There is a fascinating discussion around “disembodied” observation, surveillance, and mechanisms of empowerment in the workplace by Joseph E. Davis. Which hits home to this remote worker of three years, and might do too to those in their new found remote status the days of C19.
In the summer issue there are other discussions around data and the humanities. Other tangential papers too including this fascinating essay from Becca Rothfield. To have and to hold. Arguing with Marie Kondo. Admittedly I didn’t read the subtitle until it was too late. And there is too much Kondo for my liking – far too much! But it is, indeed, an argument with (and against?) Kondo. I was drawn in by the introductory passages, and enjoyed the conclusion. Rothfield notes in the introduction that as we collect the artifacts that surround us in this life (those which we neither have choice over and those we do) – we still end up collecting ourselves.
Before reaching their ultimae conclusion, Rothfield finds a supporter for their argument in C. S. Lewis, the sentiments I also agree with:
This conclusion generalizes beyond artworks. True joy is very rarely up to us. As C.S. Lewis remarks in his exquisite autobiography, Surprised by Joy, “Joy is never in our power,” though “pleasure often is.” By “joy,” Lewis means not pat contentment but “an unsatisfied desire which is itself more desirable than any other satisfaction.”35 It has little in common with the plodding positivities Kondo has in mind. By Lewis’s religious lights, joy cannot be forced because it must be bestowed by God. Still, his observation can be modified to resonate with even with the most sacrilegious. God or no, we do not get to pick what wrenches rapture out of us.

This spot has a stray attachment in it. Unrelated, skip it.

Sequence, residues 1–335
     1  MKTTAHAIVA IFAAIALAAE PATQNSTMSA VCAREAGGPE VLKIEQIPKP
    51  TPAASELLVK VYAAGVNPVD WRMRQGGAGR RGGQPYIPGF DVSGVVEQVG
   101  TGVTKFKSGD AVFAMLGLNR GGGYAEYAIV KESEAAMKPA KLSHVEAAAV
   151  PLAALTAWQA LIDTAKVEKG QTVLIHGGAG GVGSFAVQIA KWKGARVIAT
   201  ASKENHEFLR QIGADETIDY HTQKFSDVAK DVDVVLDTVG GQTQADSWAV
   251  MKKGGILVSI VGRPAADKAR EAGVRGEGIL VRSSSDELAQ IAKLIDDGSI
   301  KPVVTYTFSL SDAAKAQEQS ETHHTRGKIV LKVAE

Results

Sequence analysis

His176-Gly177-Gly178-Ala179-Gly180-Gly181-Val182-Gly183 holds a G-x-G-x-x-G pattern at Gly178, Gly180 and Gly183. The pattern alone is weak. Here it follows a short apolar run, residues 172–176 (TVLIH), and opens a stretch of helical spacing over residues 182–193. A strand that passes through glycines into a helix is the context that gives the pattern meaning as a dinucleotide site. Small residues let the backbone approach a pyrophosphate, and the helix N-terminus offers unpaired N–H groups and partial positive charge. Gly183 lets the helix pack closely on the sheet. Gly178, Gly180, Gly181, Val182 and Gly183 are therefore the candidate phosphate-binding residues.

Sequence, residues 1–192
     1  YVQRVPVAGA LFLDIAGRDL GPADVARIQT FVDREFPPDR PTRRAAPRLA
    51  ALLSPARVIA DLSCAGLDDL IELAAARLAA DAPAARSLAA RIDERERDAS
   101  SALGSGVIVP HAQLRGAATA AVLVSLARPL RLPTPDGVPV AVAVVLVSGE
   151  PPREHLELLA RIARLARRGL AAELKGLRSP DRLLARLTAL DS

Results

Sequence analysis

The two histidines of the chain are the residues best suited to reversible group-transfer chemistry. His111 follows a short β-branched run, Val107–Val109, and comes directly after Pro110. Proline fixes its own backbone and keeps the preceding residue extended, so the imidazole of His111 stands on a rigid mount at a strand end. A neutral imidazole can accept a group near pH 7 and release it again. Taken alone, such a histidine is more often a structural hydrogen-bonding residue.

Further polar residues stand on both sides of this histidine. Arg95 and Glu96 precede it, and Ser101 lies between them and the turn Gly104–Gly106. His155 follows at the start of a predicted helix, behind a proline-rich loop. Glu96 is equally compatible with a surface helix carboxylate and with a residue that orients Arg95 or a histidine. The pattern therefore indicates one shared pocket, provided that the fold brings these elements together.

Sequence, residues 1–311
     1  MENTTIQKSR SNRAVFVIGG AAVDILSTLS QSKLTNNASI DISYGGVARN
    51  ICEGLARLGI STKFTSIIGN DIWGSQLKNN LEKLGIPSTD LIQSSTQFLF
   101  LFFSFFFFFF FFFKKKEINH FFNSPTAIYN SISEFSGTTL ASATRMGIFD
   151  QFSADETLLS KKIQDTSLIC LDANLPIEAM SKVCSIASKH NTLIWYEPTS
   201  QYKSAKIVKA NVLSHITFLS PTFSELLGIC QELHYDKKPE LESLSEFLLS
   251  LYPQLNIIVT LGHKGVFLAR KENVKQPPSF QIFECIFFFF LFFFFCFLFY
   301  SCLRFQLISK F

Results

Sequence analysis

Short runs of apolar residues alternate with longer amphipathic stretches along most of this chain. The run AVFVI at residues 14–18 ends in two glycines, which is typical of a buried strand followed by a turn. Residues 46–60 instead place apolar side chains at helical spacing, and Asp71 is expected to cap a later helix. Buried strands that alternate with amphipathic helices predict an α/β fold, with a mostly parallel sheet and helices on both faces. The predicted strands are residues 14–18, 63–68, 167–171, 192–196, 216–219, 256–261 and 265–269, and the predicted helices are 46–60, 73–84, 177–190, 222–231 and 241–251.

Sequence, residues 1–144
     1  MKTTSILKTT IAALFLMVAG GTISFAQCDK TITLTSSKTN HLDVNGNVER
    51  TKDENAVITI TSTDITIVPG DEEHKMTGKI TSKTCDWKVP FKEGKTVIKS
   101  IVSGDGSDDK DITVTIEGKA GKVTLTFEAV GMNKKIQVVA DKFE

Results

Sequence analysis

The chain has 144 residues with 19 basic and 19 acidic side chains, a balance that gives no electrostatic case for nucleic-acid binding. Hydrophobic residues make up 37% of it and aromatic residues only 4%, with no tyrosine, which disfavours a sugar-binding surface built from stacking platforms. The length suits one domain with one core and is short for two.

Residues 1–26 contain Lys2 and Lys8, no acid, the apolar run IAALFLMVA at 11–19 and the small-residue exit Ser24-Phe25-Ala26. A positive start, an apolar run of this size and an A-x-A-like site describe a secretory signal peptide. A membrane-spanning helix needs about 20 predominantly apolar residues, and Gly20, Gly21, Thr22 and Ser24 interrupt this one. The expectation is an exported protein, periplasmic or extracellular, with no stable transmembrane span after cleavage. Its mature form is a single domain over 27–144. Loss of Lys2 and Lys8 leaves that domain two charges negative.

I hope to take the rest of my reading offline when the issue arrives but have enjoyed being introduced to The Hedgehog Review and to have had a little time over the last week to dip into it.
Each paper is available online as well as previous issues. If you read through any of them, maybe let me know your favorite ones in the comments.
There are two pieces that come to mind when I think of the image that inspired this blog and then the THR. At least, one related, and one, by name only.
The evolution of binary primes
Binary primes became my Twitter avatar project. The latest evolution I talk about in Not quite perfect… A lil’ automatic Twitter thingy.
That gallery is available online and is, of course, updated daily.
Since we are talking hedgehogs. I had a lot of fun with Hedgehog Street and Linked Open Data back in the day. I think it still really characterizes my view of the past-> present-> and potentially future use of semantic web technology. And there is a tenuous link to Hedgehogs! What isn’t there to like?